Ph.D. student Jill Riddell joined researchers at the University of Arizona Superfund Research Project Center (UA SRP) as a KC Donnelly extern to collect and analyze data to characterize the interaction of engineered microspheres at the water-soil particle interface. Riddell’s research at West Virginia University and her work with PROTECT Project 4 “focuses on evaluating polystyrene microspheres (small, hollow, sphere-shaped particles) as tracers in karst aquifers,” according to Northeastern University’s highlight article on Riddell.
At the Catalina Mountains Critical Zone Observatory, Riddell released fluorescing microspheres into controlled soil samples as an organic pollutant mimetic to monitor mobilization and sequestration through the environment at the micro-scale in an effort to improve models of contaminant flux in karst aquifers. The 1µm diameter polystyrene microspheres were used uncoated and carboxylated as a tracer of contaminant flow in representative dolomitic and calcic soils found in karst terrains.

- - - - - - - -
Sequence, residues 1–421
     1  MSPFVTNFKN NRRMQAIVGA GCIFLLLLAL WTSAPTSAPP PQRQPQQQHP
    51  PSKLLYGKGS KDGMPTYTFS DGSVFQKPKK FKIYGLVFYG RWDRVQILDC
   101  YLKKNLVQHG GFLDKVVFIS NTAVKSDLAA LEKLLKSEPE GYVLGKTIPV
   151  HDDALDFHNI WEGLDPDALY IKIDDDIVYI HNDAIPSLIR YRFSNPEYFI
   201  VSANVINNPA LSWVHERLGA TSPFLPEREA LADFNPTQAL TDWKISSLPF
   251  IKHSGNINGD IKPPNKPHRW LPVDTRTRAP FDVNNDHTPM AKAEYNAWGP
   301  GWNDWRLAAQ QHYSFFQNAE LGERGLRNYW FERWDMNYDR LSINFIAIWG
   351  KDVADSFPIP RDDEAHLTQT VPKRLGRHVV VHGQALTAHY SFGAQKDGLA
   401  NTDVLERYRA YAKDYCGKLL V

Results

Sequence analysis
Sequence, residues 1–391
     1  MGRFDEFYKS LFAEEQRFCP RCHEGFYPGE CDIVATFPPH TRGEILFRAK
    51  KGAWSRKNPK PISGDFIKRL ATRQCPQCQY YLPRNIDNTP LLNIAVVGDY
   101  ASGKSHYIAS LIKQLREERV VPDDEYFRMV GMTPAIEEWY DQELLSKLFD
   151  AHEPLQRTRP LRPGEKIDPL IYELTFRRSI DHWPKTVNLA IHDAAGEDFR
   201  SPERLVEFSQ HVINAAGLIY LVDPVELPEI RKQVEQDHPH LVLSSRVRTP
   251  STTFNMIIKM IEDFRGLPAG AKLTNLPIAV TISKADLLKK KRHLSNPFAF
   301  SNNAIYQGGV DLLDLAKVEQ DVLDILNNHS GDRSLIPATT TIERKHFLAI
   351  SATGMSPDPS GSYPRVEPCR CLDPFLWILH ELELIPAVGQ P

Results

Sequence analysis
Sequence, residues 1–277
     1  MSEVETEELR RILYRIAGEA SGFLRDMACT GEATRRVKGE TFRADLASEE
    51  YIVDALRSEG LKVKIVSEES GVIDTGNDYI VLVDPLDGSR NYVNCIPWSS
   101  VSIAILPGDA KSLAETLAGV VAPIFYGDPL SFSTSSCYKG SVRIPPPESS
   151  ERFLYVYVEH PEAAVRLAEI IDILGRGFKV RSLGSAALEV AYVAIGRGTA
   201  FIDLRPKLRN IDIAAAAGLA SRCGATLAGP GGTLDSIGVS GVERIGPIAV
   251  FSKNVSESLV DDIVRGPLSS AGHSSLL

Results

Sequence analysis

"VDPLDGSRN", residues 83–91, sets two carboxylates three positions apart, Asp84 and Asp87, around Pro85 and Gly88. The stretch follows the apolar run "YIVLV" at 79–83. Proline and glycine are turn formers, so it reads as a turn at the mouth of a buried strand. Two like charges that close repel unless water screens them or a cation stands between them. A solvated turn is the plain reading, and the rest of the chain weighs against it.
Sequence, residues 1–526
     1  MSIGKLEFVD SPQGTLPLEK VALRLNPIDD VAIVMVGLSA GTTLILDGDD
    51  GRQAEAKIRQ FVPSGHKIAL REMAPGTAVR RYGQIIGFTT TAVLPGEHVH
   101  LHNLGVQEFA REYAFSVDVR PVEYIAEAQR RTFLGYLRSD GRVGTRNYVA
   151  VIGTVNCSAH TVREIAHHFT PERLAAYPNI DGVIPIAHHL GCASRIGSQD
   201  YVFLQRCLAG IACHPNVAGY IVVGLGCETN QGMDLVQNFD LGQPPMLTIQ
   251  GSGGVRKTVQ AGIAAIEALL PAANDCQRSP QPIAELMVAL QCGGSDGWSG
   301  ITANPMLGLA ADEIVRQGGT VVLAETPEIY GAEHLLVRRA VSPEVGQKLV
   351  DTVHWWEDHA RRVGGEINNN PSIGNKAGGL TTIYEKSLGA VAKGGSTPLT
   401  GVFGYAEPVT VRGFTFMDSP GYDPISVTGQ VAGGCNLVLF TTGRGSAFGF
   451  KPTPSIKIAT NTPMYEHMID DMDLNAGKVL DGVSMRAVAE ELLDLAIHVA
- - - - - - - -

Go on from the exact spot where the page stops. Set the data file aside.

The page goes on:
Quantitative x-ray diffraction (Q-XRD) data, collected for analytical refinement of the mineralogical and amorphous content of the soils, was combined with surface sensitive infrared spectrographic techniques (ATR-FTIR, DRIFT, transmission FTIR) to probe the soil-sphere interaction and elucidate mechanisms of carboxylated (and non-treated) sphere adhesion on aquifer surface sites. Additionally, scanning electron micrographs (SEM) with energy dispersive spectroscopy (EDS) elemental maps were collected to image the microspheres at soil surfaces.
Welcoming Jill Riddell as a KC Donnelly extern allowed UA SRP to share expertise in analytical techniques for the characterization of pollutant-particle surface interactions, while Riddell introduced us to new and novel approaches to contaminant exposure modeling.